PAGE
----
While the rugged and mountainous district of Calabria, extending nearly due south for a distance of more than 150 m., thus derives its character and configuration almost wholly from the range of the Apennines, the long spur-like promontory which projects towards the east to Brindisi and Otranto is merely a continuation of the low tract of Apulia, with a dry calcareous soil of Tertiary origin.
Eastward from this the ranges of low bare hills called the Murgie of Gravina and Altamura gradually sink into the still more moderate level of those which constitute the peninsular tract between Brindisi and Taranto as far as the Cape of Sta Maria di Leuca, the south-east extremity of Italy.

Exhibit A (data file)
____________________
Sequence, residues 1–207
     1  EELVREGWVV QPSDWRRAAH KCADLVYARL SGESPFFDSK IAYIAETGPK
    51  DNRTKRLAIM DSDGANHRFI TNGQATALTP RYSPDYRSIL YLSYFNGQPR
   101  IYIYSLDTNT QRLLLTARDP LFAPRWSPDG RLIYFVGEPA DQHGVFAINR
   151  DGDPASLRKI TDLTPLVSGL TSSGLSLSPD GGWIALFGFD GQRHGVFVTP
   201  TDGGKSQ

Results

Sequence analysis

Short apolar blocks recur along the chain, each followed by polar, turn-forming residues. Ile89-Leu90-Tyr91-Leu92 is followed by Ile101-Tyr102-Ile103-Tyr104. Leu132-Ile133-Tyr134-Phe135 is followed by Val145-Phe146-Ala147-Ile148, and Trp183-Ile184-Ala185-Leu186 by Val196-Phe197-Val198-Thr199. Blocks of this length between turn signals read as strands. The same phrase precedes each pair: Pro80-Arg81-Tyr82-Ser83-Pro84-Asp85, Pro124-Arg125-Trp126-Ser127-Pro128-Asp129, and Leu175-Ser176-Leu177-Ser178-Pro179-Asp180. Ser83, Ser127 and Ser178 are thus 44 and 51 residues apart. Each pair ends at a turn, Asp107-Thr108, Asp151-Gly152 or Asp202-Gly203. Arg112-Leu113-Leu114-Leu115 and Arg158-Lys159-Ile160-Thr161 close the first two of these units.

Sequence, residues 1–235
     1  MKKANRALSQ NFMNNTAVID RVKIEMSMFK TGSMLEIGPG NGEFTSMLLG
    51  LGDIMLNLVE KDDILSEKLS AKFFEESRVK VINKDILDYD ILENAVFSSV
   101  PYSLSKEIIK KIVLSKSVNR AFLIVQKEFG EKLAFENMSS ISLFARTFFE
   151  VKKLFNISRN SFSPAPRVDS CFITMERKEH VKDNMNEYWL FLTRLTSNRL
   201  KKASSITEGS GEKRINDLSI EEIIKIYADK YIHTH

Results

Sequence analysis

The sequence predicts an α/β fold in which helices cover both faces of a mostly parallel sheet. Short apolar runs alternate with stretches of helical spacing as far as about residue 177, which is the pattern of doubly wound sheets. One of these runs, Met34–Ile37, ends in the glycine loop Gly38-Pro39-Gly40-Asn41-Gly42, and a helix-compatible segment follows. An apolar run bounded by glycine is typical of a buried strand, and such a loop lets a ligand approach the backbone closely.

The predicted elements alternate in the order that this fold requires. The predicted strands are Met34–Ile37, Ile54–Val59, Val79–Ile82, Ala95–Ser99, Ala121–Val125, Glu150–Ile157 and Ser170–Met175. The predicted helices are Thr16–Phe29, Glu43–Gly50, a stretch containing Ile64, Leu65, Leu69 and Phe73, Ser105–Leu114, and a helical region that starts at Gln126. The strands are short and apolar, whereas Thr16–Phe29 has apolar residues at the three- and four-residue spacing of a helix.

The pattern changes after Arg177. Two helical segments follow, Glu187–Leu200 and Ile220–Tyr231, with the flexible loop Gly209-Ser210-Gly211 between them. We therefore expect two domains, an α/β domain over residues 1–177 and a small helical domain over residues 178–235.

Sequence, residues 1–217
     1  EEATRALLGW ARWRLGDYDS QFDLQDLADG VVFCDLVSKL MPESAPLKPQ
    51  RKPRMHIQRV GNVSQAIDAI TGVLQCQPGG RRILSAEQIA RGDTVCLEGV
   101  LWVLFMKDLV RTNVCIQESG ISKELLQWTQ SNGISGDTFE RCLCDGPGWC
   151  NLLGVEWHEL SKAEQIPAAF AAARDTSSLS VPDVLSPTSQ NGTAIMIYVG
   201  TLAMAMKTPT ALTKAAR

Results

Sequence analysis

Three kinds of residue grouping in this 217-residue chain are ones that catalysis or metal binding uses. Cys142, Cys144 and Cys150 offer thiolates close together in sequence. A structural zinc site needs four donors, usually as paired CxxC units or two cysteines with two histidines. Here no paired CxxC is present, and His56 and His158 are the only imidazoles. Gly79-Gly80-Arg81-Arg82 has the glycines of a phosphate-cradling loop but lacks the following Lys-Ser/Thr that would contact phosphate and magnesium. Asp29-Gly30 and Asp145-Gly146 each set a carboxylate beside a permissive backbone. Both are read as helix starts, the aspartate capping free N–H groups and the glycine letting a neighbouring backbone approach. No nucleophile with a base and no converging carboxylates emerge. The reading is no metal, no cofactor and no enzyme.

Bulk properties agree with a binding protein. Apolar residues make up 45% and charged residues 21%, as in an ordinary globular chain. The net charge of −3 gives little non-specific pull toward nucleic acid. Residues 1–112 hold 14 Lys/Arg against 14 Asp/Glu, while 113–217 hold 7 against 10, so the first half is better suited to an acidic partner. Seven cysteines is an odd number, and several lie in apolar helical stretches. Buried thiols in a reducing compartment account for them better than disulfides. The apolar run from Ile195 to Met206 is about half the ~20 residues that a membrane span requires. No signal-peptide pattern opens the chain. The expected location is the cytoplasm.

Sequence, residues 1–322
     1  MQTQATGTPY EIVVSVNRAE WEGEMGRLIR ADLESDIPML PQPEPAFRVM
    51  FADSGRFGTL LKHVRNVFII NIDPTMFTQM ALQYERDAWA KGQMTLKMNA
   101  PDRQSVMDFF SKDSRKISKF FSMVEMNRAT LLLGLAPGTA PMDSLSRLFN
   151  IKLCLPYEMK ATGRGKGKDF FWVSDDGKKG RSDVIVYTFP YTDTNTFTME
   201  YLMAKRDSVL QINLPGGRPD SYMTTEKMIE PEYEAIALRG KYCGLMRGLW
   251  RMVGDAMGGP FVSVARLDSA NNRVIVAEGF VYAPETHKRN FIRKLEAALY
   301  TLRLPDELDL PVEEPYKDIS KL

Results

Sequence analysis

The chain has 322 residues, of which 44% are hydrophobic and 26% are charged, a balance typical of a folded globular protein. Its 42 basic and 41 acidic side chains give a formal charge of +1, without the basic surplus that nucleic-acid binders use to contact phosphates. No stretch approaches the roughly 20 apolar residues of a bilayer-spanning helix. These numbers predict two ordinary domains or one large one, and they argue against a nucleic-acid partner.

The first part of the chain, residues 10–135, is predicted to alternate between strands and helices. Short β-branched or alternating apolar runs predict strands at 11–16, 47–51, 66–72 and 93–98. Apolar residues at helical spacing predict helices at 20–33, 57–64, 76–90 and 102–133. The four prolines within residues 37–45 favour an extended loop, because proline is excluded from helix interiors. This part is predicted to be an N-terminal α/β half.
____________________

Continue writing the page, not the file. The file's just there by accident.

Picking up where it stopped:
Scarcely, however, had he sailed from Brindisi when he fell sick of a fever which had been raging for some time among the ranks of his army, while they waited for the crossing.
It is regularly visited by steamers from Trieste, Fiume, Brindisi, and other Austro-Hungarian and Italian ports, as well as by many small Greek and Turkish coasters.
In 1523 Clement VII., having appointed him archbishop of Brindisi and Oria, sent him as nuncio to the court of Francis I.